Monday, May 23, 2011
Natasha Baldauf, a 2011 graduate of the William S. Richardson School of Law at the University of Hawai'i at Manoa was interviewed by Beth-Ann Kozlovich of Hawai'i Public Radio. The segment aired on Monday, May 23, 2011 and you can listen to it by CLICKING HERE. Natasha's interview begins at 8:42 (8 minutes and 42 seconds) into the radio show.
Natasha is one of 15 Hawaii law students who graduated this year with a Native Hawaiian Law Certificate. Natasha is also the author of One-Way Track to Desecration: Implications of the Honolulu Rail's Failure to Comply with Protections Mandated for Native Hawaiian Burials, a comment published in Volume 12, Issue 1 of the Asian-Pacific Law & Policy Journal.
Monday, May 16, 2011
The William S. Richardson School of Law graduated 15 law students with the Native Hawaiian Law Certificate. Last year 7 law students graduated with this distinction.
The 15 awardees are diverse and composed of both Native Hawaiian and non-Native Hawaiian students: Natasha Baldauf, Amy Brinker, Elena Bryant, Maria Carmichael, Amanda Donlin, Mark Jensen, Ha‘aheo Kaho‘ohalahala, Ryan Kanaka‘ole, Sarah Kaopuiki, Kekoa Keiley, Christopher Leong, Ann Otteman, Jeannin-Melissa Russo, Sherilyn Tavares, and Alexa Zen.
Students contributed to both the community and the law school in several ways:
Baldauf and Kaho'ohalahala conducted community presentations for Hawai'i's rural and farming communities regarding water law with law professor Kapua Sproat. During these presentations, Ka Huli Ao's water primer was also distributed to attendees.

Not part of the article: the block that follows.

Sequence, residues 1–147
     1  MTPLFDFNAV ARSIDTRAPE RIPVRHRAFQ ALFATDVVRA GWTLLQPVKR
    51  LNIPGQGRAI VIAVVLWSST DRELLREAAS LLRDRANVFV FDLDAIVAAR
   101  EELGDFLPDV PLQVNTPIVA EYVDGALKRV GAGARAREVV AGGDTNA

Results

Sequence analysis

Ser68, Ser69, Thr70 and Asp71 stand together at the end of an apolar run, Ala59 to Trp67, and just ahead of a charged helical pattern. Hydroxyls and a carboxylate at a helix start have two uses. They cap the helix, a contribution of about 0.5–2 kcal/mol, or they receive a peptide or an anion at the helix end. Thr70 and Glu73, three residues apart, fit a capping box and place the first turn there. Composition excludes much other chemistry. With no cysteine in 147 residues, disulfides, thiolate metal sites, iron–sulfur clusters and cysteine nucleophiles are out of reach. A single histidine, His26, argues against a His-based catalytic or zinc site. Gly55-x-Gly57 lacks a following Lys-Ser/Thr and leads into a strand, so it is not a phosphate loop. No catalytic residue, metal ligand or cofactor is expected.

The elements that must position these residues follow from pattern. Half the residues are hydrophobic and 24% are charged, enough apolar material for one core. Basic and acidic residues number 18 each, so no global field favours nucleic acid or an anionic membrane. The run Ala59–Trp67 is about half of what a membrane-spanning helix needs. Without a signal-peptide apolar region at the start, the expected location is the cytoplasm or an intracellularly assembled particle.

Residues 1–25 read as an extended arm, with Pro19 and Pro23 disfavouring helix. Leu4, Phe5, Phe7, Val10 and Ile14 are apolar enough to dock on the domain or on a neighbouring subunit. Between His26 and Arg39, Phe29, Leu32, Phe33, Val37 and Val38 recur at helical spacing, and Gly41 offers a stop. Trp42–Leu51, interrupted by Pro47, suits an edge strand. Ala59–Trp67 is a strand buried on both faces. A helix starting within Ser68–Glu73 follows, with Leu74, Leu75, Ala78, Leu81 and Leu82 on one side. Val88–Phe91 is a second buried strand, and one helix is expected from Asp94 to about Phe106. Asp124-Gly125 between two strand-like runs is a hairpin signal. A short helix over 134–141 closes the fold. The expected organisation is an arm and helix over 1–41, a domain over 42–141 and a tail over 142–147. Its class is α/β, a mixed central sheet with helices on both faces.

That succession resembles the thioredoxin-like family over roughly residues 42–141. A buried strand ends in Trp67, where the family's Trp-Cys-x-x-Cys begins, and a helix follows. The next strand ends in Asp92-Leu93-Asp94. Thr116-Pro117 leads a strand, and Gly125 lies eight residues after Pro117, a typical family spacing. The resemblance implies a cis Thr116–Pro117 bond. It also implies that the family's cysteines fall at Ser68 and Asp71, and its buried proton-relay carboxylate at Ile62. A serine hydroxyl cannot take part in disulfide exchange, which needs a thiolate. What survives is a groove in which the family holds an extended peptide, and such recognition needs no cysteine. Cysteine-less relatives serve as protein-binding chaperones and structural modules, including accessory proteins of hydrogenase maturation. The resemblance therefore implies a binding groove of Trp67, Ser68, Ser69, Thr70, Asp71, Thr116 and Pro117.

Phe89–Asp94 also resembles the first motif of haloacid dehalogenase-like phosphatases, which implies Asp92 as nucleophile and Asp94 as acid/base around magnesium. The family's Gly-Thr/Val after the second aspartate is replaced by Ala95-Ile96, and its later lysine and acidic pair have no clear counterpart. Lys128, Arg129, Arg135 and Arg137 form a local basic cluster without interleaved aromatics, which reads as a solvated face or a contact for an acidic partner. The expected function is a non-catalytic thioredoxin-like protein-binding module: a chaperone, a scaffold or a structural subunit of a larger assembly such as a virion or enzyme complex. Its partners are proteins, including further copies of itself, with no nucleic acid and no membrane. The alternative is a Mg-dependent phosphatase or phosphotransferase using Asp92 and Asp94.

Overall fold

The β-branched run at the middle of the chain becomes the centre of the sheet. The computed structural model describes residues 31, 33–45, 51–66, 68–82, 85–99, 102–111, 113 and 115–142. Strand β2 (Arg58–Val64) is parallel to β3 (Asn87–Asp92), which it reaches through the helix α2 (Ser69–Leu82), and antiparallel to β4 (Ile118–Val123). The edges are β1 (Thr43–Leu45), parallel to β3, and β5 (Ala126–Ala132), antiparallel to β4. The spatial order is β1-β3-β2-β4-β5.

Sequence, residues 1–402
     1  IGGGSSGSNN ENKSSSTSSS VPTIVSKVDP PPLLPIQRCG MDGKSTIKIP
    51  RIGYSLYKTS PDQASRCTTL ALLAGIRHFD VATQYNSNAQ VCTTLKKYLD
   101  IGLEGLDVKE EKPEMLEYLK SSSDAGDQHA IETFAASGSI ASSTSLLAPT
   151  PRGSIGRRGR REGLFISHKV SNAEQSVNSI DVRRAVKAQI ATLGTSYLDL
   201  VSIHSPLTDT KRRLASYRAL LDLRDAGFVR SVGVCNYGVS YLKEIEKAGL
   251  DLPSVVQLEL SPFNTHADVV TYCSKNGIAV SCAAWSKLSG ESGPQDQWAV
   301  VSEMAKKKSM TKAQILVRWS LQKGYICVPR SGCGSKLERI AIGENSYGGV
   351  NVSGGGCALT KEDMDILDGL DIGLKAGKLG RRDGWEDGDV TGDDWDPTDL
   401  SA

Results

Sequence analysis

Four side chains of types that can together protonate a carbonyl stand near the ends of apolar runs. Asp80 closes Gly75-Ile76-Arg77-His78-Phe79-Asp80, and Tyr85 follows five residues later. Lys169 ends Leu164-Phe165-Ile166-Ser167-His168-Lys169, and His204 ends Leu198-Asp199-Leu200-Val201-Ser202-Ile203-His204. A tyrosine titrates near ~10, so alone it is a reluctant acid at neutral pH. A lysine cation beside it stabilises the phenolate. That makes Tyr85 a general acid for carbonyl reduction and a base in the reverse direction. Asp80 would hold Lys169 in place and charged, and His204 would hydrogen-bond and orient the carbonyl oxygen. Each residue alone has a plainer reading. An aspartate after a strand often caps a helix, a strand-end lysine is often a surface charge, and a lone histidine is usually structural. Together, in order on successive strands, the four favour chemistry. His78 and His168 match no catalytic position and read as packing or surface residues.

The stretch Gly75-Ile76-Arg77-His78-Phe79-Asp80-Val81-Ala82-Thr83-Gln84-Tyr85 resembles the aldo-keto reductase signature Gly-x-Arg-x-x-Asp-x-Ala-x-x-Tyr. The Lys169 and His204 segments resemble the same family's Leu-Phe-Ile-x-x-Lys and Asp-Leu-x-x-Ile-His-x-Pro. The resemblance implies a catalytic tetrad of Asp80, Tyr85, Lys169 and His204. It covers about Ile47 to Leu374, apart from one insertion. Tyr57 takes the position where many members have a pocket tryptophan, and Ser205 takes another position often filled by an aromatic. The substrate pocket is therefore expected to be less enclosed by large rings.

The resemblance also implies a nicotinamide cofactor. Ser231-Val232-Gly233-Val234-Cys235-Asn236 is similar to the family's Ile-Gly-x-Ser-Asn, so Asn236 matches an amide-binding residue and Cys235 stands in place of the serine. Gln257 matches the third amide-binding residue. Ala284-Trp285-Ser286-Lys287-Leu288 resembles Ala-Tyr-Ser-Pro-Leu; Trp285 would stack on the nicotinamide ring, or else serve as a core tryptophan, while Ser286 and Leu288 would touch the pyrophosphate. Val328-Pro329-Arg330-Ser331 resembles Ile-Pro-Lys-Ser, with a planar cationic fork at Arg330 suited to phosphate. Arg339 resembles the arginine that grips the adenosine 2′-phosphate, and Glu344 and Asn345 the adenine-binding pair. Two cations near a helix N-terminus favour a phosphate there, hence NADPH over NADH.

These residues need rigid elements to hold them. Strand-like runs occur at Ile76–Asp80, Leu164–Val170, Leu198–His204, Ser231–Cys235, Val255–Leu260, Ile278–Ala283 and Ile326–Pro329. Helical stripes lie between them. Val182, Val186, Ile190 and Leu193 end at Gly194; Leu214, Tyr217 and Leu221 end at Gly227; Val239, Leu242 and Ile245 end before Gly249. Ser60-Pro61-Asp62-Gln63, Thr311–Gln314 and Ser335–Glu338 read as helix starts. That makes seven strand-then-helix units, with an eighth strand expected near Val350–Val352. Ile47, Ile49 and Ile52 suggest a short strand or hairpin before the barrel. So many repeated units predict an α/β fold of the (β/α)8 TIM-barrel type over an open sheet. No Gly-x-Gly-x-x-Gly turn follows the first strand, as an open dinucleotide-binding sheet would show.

Brinker has been recognized as spear-heading the legislative effort to "legalize pa'i'ai" and for founding indigenizethelaw.com by successfully advocating for passage of Senate Bill 101. SB 101 now waits for Governor Abercrombie's approval. Click here to read a Civil Beat article on the topic.
Donlin interned at Kahea: the Hawaiian-Environmental Alliance and the Native Hawaiian Legal Corporation. These two organizations are public-interest law firms in Hawai'i.
Zen volunteered on the Leona Kalima case against the Department of Hawaiian Home Lands. You can read a 2009 Honolulu Advertiser article on this case by CLICKING HERE.
Law students pursuing the Native Hawaiian Law Certificate enroll in a variety of classes. To see a list of courses, CLICK HERE. Course descriptions can be read by CLICKING HERE.
The new graduates' employment plans include: working for the Hawai'i judiciary, private firms, the military (Judge Advocate General), the federal government, and non-profits.
The annual spring commencement of the William S. Richardson School of Law awarded 15 students with Native Hawaiian Law Certificates on Sunday, May 15, 2011.
Established with federal funding in 2005 at the William S. Richardson School of Law, Ka Huli Ao Center for Excellence in Native Hawaiian is an academic center that promotes education, scholarship, community outreach and collaboration on issues of law, culture and justice for Native Hawaiians and other Pacific and Indigenous peoples. Law Professor Melody Kapilialoha MacKenzie serves as the Director of Ka Huli Ao, and is also among the Law School’s first graduates.